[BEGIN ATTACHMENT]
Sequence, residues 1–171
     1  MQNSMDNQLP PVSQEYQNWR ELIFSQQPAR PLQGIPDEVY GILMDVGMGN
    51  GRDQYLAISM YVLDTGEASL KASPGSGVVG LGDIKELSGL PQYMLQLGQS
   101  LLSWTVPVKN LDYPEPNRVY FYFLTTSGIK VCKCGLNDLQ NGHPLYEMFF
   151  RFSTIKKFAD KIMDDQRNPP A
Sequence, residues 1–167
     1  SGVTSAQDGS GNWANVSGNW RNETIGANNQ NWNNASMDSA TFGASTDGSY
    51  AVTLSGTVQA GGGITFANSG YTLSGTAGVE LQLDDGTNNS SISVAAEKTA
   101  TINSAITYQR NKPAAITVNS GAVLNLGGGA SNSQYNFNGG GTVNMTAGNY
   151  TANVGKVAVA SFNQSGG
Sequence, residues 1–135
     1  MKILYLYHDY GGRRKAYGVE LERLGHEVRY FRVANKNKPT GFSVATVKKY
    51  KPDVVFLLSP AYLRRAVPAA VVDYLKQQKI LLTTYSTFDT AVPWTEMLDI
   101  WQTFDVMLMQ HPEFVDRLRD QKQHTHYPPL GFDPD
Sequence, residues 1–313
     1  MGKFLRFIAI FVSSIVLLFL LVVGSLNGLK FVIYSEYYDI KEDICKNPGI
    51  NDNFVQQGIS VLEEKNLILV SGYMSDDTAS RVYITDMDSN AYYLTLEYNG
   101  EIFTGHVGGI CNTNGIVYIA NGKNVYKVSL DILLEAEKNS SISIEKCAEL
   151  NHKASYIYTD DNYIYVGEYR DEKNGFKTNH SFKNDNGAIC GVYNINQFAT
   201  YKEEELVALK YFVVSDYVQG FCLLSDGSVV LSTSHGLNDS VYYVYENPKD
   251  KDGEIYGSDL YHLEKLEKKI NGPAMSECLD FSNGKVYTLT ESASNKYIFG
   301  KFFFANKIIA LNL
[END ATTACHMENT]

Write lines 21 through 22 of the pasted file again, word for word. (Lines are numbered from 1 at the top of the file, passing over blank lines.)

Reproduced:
   251  KDGEIYGSDL YHLEKLEKKI NGPAMSECLD FSNGKVYTLT ESASNKYIFG
   301  KFFFANKIIA LNL